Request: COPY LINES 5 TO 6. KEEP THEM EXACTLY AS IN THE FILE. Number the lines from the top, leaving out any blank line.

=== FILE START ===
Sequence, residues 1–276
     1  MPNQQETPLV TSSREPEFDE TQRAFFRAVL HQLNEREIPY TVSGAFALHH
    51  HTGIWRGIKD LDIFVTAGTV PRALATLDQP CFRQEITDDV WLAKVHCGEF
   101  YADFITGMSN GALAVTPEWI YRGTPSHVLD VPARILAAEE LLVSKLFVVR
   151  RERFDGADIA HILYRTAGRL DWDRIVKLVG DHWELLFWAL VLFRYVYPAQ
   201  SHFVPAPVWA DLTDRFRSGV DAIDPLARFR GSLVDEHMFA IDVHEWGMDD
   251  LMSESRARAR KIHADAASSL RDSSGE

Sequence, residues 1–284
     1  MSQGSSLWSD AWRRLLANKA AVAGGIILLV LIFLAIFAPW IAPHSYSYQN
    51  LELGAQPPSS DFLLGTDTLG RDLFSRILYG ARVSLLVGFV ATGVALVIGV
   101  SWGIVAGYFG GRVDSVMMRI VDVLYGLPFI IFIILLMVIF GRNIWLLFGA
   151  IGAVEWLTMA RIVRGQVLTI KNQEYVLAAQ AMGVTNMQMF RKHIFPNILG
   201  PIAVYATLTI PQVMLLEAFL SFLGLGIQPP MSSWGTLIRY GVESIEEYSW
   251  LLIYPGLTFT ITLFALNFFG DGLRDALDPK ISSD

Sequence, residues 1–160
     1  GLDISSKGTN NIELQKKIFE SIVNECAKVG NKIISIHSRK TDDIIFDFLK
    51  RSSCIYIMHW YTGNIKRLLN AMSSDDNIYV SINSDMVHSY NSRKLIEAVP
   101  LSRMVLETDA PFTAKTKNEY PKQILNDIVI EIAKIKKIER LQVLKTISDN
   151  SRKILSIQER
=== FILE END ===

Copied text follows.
   151  RERFDGADIA HILYRTAGRL DWDRIVKLVG DHWELLFWAL VLFRYVYPAQ
   201  SHFVPAPVWA DLTDRFRSGV DAIDPLARFR GSLVDEHMFA IDVHEWGMDD